Jessica Barraza, a 38-year-old mother of two, filed the suit Thursday in California Superior Court in Alameda County.
She said she’s been employed by Tesla since October 2018 and has faced “near daily sexually harassing comments and touching” from fellow workers, supervisory leads and even supervisors themselves, according to the suit.
Barranza, who works nights at the factory, was subjected to obscene comments from male co-workers on the job, including “She’s got fat a-t—ies,” “She’s got cakes!,” “That bitch hella thick,” “Go ahead, sexy,” “Damn, girl!,” “She has a fat ass,” “Oh, she looks like a coke bottle,” and “Girl has an onion booty.”
The suit also alleges that male co-workers often pressed “their groins or hands against her back-side” and chalked such incidents up to working in close quarters.
Barranza “complained repeatedly to managers and to HR, who failed to protect her,” the suit says, and she reached a breaking point in September after suffering “a severe panic attack.”
“She is now afraid to be alone in public spaces around men she does not know,” the suit says. “Her doctor has taken her off work, she is on medication and in therapy, and she is not the same person she used to be.”
Barranza’s complaint compares Tesla’s factory floor to a frat house, and describes incidents in which her supervisor flirted with her and told her he controlled her career prospects.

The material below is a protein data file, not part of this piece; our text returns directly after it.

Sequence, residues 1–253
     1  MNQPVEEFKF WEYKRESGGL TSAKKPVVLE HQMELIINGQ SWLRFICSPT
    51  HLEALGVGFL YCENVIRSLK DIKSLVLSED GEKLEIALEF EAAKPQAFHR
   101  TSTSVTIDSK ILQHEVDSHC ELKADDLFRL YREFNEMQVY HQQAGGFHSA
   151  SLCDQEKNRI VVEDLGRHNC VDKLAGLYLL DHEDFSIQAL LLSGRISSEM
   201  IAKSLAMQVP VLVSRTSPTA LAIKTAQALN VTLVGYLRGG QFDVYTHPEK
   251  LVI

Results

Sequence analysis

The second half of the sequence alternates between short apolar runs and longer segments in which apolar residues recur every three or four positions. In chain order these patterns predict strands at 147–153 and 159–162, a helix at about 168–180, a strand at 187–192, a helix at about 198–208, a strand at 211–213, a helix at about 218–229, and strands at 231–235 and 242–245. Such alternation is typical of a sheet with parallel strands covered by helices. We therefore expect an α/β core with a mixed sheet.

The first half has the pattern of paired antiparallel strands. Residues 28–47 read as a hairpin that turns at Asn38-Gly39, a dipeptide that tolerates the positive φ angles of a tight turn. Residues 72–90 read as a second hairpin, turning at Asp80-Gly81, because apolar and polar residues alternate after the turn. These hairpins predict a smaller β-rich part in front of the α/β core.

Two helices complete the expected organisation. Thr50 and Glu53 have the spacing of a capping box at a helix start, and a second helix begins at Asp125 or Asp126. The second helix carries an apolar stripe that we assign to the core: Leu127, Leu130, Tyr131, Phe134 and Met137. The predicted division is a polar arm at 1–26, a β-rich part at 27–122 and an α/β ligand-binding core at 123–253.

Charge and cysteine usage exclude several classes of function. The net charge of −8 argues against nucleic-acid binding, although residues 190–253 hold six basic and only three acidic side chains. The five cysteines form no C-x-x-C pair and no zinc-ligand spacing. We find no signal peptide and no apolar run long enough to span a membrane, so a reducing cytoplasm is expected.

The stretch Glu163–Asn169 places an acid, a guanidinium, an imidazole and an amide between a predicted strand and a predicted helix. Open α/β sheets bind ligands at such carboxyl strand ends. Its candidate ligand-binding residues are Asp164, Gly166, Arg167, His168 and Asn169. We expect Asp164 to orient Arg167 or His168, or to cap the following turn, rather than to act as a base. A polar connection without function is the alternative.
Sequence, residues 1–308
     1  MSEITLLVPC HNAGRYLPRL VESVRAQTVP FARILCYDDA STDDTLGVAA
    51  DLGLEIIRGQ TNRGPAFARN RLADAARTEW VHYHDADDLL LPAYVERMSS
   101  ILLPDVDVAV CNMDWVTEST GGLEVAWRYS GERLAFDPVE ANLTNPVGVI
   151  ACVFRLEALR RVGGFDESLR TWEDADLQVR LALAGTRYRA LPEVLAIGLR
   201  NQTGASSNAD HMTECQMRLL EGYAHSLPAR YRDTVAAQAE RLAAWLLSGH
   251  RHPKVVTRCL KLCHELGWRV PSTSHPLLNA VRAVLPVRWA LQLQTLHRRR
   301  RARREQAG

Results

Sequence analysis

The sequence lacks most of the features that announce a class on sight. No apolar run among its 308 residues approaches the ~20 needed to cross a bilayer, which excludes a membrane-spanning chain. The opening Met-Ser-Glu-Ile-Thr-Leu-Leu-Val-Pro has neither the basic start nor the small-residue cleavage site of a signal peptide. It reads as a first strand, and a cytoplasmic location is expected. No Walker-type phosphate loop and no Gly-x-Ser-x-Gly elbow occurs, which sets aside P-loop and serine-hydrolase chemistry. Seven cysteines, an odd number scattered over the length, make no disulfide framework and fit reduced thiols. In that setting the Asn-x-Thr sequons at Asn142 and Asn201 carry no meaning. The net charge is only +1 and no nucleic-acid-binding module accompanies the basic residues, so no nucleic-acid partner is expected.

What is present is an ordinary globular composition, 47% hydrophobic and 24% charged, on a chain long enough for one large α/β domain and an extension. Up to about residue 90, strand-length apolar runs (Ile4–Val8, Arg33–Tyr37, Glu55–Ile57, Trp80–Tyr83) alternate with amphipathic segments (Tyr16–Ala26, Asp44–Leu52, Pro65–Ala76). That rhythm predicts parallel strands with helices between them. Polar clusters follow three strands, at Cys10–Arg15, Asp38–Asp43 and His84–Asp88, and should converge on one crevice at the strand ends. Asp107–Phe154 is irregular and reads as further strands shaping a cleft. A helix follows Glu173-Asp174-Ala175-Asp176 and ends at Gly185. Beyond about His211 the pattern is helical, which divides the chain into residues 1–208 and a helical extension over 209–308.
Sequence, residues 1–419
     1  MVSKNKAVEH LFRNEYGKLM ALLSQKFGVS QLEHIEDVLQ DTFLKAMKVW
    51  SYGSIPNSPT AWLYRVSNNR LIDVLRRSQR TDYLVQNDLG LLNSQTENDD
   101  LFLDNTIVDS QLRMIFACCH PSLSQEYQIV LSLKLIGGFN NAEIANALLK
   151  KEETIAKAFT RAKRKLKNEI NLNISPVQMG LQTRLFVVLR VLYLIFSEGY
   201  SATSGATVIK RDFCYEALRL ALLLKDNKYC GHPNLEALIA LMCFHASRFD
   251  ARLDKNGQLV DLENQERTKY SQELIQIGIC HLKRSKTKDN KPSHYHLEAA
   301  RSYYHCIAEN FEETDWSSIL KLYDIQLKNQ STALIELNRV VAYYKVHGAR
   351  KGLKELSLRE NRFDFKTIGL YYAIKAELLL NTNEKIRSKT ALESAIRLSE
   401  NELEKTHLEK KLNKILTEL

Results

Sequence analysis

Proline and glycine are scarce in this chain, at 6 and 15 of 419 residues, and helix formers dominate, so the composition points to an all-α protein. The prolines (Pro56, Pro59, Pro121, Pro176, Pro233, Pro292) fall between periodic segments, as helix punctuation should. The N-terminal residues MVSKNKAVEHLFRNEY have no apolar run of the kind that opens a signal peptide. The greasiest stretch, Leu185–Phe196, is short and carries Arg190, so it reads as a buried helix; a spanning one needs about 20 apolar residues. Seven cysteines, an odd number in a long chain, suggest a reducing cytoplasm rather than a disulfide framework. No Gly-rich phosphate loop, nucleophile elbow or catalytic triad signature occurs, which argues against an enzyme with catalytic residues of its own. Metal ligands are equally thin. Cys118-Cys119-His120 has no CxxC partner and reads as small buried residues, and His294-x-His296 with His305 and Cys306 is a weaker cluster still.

The suit also claims that one of Barranza’s supervisors suggested to her that she “shouldn’t wear shirts that draw attention to your chest” even though she was “wearing a work shirt provided by Tesla.”
And despite repeated complaints to HR representatives and her managers, no one ever adequately addressed the harassment, Barranza alleges.
Representatives for Tesla did not return The Post’s request for comment.
Tesla responded to the racism suit by noting that the complainant was a contractor and could not prove that he was subjected to a “race discrimination violation.”
“We continue to grow and improve in how we address employee concerns,” Tesla’s vice president of people, Valerie Capers Workman, told employees after the verdict. “Occasionally, we’ll get it wrong, and when that happens we should be held accountable.”
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